The French Bulldog’s Tail – How Short?


The length of their tails is the first feature that immediately jumps out at you when you think of some of the first French bulldogs that were ever created. There is no question that bulldogs selected for breeding did have the shortest tails, or that tails were docked for one of the following reasons: French bulldogs of the past had tails that were significantly longer than those of the dogs of today; however, there is no question that modern bulldogs have shorter tails than their ancestors did.

* As a way to avoid paying tax.

* To strengthen the back and increase the speed.

* To help prevent the tail being bitten while the dog was “ratting”.

* To make better sport when bear baiting or fighting.

It is thought that the longer tails were at one time a natural part of genes inherited by the frenchie, but that over a period of time frenchie breeders went for a shorter and shorter tail. The breed standard in 1937 stated that “the tail should be short and set low, lying flat on the buttocks, thick at the base, naturally broken and should be tapering at the ends”.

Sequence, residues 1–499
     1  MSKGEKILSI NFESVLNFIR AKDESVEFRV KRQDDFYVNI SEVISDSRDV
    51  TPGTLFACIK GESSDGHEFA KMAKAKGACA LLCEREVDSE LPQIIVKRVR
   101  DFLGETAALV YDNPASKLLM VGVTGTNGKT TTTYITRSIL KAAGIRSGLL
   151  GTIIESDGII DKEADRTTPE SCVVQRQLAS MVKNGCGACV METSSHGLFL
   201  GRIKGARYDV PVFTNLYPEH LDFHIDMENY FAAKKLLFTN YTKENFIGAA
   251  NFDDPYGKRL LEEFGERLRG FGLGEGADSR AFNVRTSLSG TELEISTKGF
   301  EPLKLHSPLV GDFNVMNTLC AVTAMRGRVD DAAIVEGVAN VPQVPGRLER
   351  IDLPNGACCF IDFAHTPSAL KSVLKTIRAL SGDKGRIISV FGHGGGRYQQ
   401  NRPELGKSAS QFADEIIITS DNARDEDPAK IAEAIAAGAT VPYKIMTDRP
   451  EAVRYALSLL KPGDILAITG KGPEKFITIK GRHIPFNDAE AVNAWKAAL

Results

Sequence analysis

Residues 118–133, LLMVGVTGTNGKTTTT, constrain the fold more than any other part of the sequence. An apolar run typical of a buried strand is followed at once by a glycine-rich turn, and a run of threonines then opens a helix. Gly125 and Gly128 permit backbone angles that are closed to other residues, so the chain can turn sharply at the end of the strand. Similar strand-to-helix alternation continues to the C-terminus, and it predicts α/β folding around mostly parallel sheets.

It also mentions that the tail shouldn’t be raised or too long, not reaching much beyond the thigh this therefore gives us the indication that the French bulldog tail in those days was longer than that of in the breed today. By 1950 however the wording for the standard was changed to match almost what we see in the frenchie today, “very short, set low, and thick at the root while tapering quickly to the tip.”

“Today most frenchies do indeed have a very very short tail which sometimes doesn’t even cover the anus. The breed’s standard of today however does state that the tail should be “undocked, low, and thick at the root while tapering quickly towards the tip”, so how short is short? Do today’s breeders take short to the extreme and could this be having an undesirable effect on the overall health of the French bulldog?

The actual importance of the tail itself is to act as a counter balance when the dog is carrying out movements such as leaping, walking along narrow structures or climbing. Their tail muscles are also used in stabilising the vertebral column and supporting the extensor muscles of the back as well as those of the buttocks.

Other aspects of the tail are its ability to show pleasure by wagging the tail and its movement relating to showing weakness, anger, dominance or fear to its fellow animals. Thought should be given to this aspect when we think about breeding for shorter and shorter tails, while it might not seem significant to us, the tail plays a significant part of who the dog is.

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